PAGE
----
Anyway, since it is getting cold here now, the furnace has been running for the past three weeks or so. I've been doing some work inside of it, mainly replacing burnt wires and connectors for the elements. I had to push a few wires out of the way to get at some connections while I was working. Strange thing is, except for the first few times the furnace came on after I started it for the season, the blower has been running at full (normal) speed ever since. I'm still checking to see if it may have just been a bad connection, a break inside one of the wires, a loose push-on connector, etc.

All of my problems with this furnace started when I had to replace a burned out element. I bought a 5 kw re-string kit, or at least that's what it said on the package. After I installed the new element the power wires to the element began burning off. Out of curiosity, I compared the new re-string element with the three existing elements. Using my ohmmeter, I found that the new element read 10.4 ohms while the original elements all read 11.7 ohms. According to the label on the furnace, all of the elements are 5 kw. To my way of thinking, there must be at least a 700 watt difference between the original elements and the replacement element based on the readings from my ohmmeter. The new element pulls too much power. Which helps explain why the wires keep burning off. I am replacing the wires with a heavier, high temperature type of wire.

A couple of years after replacing the first element I had to replace another one. I used a re-string kit again and it too is rated at 5 kw, but it also reads 10.4 ohms and therefore draws more current than the original. Shortly after that I had to replace the sequencer that controls those two (upper) elements. Now the limit switch that controls those elements looks like it is getting too hot, so I fully expect that I'll have to replace it soon. I have been trying to locate some lower wattage ( 3.5 kw or 4 kw ) elements, but so far haven't had any luck.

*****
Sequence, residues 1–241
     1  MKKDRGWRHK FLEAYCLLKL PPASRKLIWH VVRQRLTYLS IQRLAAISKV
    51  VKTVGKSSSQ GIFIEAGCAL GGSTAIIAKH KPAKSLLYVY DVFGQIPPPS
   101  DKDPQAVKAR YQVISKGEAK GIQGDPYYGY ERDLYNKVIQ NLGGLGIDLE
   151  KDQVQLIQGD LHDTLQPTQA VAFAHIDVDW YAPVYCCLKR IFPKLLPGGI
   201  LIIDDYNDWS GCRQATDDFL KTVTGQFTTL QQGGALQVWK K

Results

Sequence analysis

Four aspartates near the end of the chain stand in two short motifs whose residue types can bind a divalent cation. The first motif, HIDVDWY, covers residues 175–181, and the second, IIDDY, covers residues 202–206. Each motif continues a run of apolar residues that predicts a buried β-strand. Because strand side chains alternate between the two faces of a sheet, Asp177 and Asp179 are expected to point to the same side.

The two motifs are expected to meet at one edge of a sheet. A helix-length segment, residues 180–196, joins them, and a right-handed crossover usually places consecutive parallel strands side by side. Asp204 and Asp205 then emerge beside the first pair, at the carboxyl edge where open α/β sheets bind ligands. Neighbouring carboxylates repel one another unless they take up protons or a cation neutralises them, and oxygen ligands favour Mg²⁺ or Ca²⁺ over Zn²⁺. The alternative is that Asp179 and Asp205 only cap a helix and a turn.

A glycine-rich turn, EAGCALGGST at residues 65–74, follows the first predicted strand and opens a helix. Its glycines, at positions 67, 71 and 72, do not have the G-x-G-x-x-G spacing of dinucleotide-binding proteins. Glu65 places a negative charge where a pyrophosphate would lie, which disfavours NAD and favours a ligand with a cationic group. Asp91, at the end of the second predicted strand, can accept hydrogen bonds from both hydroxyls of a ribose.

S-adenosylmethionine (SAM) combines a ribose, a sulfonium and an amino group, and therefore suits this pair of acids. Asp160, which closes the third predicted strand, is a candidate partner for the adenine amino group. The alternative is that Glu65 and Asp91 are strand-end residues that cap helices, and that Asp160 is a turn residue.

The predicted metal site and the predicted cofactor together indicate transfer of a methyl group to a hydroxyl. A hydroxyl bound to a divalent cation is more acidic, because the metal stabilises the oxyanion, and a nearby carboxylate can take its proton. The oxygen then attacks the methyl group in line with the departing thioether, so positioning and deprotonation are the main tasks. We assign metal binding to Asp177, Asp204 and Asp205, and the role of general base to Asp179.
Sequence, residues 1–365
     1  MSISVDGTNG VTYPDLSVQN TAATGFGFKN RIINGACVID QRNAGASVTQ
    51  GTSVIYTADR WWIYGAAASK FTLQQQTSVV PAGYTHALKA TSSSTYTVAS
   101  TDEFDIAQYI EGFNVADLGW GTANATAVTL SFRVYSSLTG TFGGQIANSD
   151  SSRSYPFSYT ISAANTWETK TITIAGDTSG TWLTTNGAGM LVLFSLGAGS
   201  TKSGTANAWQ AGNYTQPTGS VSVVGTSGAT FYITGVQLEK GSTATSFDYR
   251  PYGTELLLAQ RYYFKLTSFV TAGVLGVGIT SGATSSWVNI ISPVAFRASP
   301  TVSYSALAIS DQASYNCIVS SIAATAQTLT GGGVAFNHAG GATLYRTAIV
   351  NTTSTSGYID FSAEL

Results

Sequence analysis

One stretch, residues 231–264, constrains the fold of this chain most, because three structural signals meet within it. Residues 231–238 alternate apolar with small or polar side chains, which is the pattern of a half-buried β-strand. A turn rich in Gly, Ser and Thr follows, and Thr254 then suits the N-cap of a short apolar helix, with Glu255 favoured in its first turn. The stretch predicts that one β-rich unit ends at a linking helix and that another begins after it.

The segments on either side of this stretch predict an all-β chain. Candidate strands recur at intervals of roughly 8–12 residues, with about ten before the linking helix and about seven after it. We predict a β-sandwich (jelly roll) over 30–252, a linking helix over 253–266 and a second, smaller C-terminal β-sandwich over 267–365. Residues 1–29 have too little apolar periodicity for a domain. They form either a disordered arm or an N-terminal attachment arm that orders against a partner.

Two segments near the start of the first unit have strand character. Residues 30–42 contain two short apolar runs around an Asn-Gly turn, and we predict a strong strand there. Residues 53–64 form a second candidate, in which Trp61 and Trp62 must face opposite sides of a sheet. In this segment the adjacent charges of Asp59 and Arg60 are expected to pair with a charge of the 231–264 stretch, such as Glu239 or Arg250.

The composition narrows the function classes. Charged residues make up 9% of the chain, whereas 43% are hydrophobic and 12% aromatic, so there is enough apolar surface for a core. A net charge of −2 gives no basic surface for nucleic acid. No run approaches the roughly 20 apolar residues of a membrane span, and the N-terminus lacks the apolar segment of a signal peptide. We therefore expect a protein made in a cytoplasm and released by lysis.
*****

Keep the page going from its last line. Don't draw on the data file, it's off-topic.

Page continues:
Last edited by Koldhammer; 10-23-2013 at 11:12 PM.
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Old 10-24-2013, 04:50 AM   #5
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Question About An Electric Furnace...


At 230 volts, a 11.7 ohm strip heater is 4.52KW
At 230 volts, a 10.4 ohm strip heater is 5.08KW

At 240 volts, a 11.7 ohm strip heater is 4.92KW
At 240 volts, a 10.4 ohm strip heater is 5.53KW
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Old 10-24-2013, 09:53 AM   #6
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Question About An Electric Furnace...


Why not just buy and install a new furnace? In my experience those restring kits don't last that long as they never are the exact same length as the OEM springs and overheat and burnout due to the irregular spacing when you stretch them etc. Lots of my colleagues agree. I always buy a new element kit. With all the parts you are and will be putting in to it you can buy most of a new furnace and yours is never going to be very reliable IMO. Not very safe to keep having wires burning off. I have seen LOTS of burnt out and roasted electric furnaces pretty much catch on fire. Safety comes first IMO especially if you have a family. BY the time the main 60 amp breakers trip most of the wiring has overheated and burnt up and basically works like a fuse. A LONG time ago they put fuses on each element circuit but that is gone now.

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Last edited by yuri; 10-24-2013 at 10:01 AM.